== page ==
I don’t like criminality, I don’t like apathy, I don’t like mediocrity. Having standards is necessary but I know that I tend to be hard on myself and perfection cannot be a goal. There are still real-life structural barriers in place that we have to knock down. For example this recent disclosure about Wells Fargo Bank pushing sub-prime loans onto Blacks. It’s either outright racial prejudice, racialized sexism via dismissal of women with more traditional African features or further disdain amongst Blacks. As a woman if our outer presentation doesn’t reflect our truest inner selves do we have to have that held against us until and unless we conform? Would part of the reason for that be a reaction to all of the things I’ve discussed so far?

We may not agree on how we want people to get to their own “promised land” but I can say unequivocally for myself that I do want it to happen. I like Black people after all. I can still demand respect be given to me as African-American woman though. I’m not sure I can say the same for everyone who’s claiming to be empowering for all of us, what “all” they’re referring to. 


***Just wanted to add in case it wasn’t clear that we have to look to our inner motivations, spiritual beliefs and life plans as we continually evaluate where we are in our lives, where we want to go and how to get there. Sometimes our plans may place limitations on what we can actually accomplish, sometimes we have to re-route our paths.


There may never be a singular consensus for what path is best. We have to make the choices that will hopefully work for us and our own best interests, not for the comfort and convenience of others. Not even when they claim to know what we “need” to do.

Bookmark and Share

Donna Edwards On Support & Accountability

See this is why I just love what (D-MD) Donna Edwards has done while in office. She is a true progressive and always make SENSE!!! It’s as if she wants us to take back the world “liberal” and make it clean again. This is why I mention those in the Republican Party who either aid or abet because that leadership single-handedly put a hex on anyone who tries to be reasonable and work with others to come to workable solutions. The Democrats don’t help by either being Republicans in disguise or just rolling over with no backbone. At the end of the day we’re all just people. We want to be loved and to care for our loved ones. The best societies encourage thriving intact families. When there’s an imbalance of suffering, greed and other wrongs it throws everything off kilter. Eventually it will plunge that society into ruin. We are still so on the verge of catastrophic failure that I don’t people really get it. So I’m glad Rep. Edwards has reminded us that we have to monitor ourselves and others for good to prevail.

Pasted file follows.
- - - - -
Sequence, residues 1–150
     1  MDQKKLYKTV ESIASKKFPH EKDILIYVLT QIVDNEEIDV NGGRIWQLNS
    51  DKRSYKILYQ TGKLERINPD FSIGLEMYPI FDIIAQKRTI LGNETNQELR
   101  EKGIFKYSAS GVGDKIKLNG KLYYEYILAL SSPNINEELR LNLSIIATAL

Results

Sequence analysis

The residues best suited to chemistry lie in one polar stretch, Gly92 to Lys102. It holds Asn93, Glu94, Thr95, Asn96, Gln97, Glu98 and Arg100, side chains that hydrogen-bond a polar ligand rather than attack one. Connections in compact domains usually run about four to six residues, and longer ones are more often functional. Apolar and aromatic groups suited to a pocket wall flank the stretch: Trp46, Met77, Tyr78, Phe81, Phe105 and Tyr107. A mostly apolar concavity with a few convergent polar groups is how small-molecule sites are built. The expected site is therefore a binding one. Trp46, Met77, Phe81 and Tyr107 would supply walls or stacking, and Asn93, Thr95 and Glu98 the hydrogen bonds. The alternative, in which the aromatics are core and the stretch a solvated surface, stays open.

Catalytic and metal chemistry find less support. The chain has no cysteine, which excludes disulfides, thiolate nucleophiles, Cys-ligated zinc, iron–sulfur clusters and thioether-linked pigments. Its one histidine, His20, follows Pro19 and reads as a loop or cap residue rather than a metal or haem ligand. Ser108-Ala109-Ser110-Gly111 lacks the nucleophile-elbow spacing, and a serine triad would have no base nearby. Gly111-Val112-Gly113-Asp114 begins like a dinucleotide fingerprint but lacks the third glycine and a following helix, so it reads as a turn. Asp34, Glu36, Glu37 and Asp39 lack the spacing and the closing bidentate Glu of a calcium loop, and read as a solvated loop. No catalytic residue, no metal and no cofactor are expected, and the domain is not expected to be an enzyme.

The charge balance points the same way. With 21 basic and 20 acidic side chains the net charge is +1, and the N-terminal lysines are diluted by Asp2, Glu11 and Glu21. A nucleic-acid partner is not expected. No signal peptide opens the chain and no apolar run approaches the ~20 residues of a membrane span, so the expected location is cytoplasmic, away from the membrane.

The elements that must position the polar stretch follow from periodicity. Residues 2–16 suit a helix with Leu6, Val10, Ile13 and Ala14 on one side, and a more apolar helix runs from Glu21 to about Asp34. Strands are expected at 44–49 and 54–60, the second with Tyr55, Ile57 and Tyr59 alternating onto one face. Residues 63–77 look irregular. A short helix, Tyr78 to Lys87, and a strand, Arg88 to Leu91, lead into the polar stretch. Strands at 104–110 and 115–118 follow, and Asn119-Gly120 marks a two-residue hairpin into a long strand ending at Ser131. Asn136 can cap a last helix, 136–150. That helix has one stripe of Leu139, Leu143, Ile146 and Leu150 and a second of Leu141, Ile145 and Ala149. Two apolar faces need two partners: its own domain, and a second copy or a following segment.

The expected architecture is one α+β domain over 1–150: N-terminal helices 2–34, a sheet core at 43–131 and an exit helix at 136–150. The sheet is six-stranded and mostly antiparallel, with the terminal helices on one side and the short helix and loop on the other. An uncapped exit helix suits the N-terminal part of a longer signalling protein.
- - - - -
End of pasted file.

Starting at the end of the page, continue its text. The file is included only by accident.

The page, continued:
Donna, can you come and BAIL OUT California!!! Pretty please…..

Bookmark and Share

Deploying A Little Negro Spirit: When Black Female Artists of Substance Are Ignored

This is the fourth conversation in a series where I discuss race, culture, appropriation and the abdication of African-American touchstones due to devaluation of our unique perspective and shame.

Right now as I write this there’s a fight going on between the RIAA, radio broadcasters and the public. Only we don’t realize what’s at stake and who’s fighting for what, but when the dust settles we may be regretting our collective lack of participation. The RIAA is the lobby group for the record labels and distributors. You know, the majority of white men with all the money. They’re the ones suing 12 year olds for downloading music files. They also claim to be working in the interests of musicians, but in my opinion the fox doesn’t look out for the best interests of the hen house.

Continue reading “Deploying A Little Negro Spirit: When Black Female Artists of Substance Are Ignored”

Are African-American Women Gold Diggers?

I was having a brief conversation with a magazine publisher that features hip-hop refer to Kanye as a “positive” rap artist. Hmm, well I’m going to have to ask for a test on that one, unless we’re going to say positively sexist!  I know, I know the song is about an ALLEGED gold digger. There are other songs he’s released that are ‘good’ i.e. positive – but this just goes to show you that everyone has to be checked now and again. Lest there be any confused folks out there about who this alleged gold digger is there’s a line in the song where he threatens to “leave you for a white girl”. Who else is supposed to be threatened by that?